An Event Apart: “Fit For Purpose: Making Sense of the New CSS”

Eric Meyer speaking at An Event Apart Seattle 2018 on April 2, 2018.

The past year has seen an incredible explosion in what we can do with CSS—from stable flexbox to the dawn of Grid, there are more powerful tools in our toolbox than ever before. Each system is, in its own way, simple, but the multitude of choices can make your head spin. What are the pros and cons? Where are the strengths and weaknesses? How does a committed craftsperson choose? In this detailed talk, Eric will compare and contrast CSS features in a series of real-world design scenarios, illuminating not only what he chose in each situation, but more importantly, why, always with an eye on what trade-offs were made at what cost. You’ll come away with a better sense of how to put all these new CSS features to work for you right away.


  • Feature queries
    • Ask the browser “Do you support this feature?”
    • @supports (prop: val) { /* CSS goes here */ }
  • Pattern from Lea Verou for detecting support for custom properties (variables):
    • @supports (--css: variables) {}
  • The value in a feature query has to be valid
    • @supports (clip-path: polygon()) { /* INVALID */ }
    • @supports (clip-path: polygon(0 0) ) { /* VALID */ }
    • @supports (clip-path: circle() ) { /* VALID */ }
  • Chain feature queries together, or just pick the least supported feature from your block of code and test for that
    • @supports (display: grid) and (writing-mode: sideways-lr) {}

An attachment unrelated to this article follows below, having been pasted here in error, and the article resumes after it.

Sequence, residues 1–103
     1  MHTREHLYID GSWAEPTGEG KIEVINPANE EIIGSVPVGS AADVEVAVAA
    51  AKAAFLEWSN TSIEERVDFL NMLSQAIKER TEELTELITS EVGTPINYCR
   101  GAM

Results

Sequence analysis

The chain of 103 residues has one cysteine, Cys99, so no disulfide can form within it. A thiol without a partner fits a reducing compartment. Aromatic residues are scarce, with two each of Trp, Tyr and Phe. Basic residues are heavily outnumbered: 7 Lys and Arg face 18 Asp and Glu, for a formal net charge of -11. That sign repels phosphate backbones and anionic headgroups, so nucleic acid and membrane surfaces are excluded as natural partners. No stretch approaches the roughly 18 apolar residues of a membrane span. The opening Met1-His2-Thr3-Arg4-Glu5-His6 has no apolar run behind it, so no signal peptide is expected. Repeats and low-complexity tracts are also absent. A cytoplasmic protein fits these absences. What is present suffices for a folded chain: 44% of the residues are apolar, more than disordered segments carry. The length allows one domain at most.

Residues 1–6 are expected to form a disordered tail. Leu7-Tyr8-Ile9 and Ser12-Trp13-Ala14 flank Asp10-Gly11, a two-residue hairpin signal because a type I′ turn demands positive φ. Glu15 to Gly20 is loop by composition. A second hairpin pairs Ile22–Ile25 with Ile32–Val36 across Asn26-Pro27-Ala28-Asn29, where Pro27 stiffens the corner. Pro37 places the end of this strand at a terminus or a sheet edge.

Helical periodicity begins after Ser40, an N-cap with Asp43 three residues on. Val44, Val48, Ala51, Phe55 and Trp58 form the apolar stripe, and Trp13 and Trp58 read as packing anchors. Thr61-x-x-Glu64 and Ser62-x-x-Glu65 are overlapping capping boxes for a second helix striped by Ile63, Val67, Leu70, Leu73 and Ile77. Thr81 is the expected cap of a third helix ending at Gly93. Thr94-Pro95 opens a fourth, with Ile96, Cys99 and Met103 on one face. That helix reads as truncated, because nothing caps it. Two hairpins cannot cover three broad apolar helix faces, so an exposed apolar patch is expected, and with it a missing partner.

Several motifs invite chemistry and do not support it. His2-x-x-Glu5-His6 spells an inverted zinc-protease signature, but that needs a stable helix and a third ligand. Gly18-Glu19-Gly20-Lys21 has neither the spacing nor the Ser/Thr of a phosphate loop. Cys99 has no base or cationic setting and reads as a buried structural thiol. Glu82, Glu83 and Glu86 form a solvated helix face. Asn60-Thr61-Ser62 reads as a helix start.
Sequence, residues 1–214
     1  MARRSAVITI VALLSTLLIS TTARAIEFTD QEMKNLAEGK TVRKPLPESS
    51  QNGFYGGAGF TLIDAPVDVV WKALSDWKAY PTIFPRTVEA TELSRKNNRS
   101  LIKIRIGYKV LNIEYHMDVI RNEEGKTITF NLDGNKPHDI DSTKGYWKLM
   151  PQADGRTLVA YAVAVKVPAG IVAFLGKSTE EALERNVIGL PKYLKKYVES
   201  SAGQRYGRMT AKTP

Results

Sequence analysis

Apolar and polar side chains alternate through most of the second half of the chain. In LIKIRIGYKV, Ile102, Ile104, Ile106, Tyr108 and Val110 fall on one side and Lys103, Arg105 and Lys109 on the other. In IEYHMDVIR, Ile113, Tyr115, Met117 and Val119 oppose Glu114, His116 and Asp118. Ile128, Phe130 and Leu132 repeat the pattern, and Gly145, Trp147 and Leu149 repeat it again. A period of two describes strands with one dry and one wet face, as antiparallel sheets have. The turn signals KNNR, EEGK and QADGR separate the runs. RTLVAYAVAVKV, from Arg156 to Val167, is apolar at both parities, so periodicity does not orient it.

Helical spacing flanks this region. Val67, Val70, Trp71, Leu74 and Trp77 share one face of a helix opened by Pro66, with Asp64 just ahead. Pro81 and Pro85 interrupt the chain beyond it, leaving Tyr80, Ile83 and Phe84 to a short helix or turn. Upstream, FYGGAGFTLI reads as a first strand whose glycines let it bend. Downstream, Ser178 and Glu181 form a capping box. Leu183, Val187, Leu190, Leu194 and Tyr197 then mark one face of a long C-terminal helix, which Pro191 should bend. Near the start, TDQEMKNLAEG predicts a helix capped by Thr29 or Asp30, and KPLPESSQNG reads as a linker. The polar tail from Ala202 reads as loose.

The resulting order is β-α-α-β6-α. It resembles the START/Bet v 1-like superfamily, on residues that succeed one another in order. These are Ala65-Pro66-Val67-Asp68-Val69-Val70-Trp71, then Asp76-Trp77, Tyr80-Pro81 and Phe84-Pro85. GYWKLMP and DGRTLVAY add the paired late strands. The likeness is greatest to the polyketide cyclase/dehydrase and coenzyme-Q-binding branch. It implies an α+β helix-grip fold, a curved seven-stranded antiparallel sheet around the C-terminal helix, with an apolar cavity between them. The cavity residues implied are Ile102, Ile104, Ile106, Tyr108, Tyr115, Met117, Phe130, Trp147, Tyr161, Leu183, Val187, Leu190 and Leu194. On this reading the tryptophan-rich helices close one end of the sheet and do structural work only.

• @supports (writing-mode: sideways-lr) or (writing-mode: sideways-rl) {}
  • MOSS or MISO? — do you put feature queries inside media queries, or media queries inside feature queries?
    • MOSS — Media Outside Supports Statements
      • @media (param: val) {
          @supports (prop1: val) {}
          @supports (prop2: val) {}
      • When there are more media switches than support blocks
      • When @supports is used for a few cutting-edge features
      • When @supports blocks are simple and flat
      • When @supports code varies significantly for each breakpoint
    • MISO — Media Inside Supports Statements
      • @supports (prop: val) {
          @media (param1: val) {}
          @media (param2: val) {}
      • When there are more support blocks than media switches
      • When @supports is central to managing your design
      • When there are only a few RWD breakpoints
      • When @supports code applies across all breakpoints
  • “…we agreed to use CSS Grid at the layout level and Flexbox at the component level (arranging child items of components). Although there’s some overlap and in some cases both could be used interchangeably, abiding by this rule helped us avoid any confusion in gray areas.” — Julian Gaviria — How We Adopted CSS Grid at Scale

Speaker Links and Resources

Related Links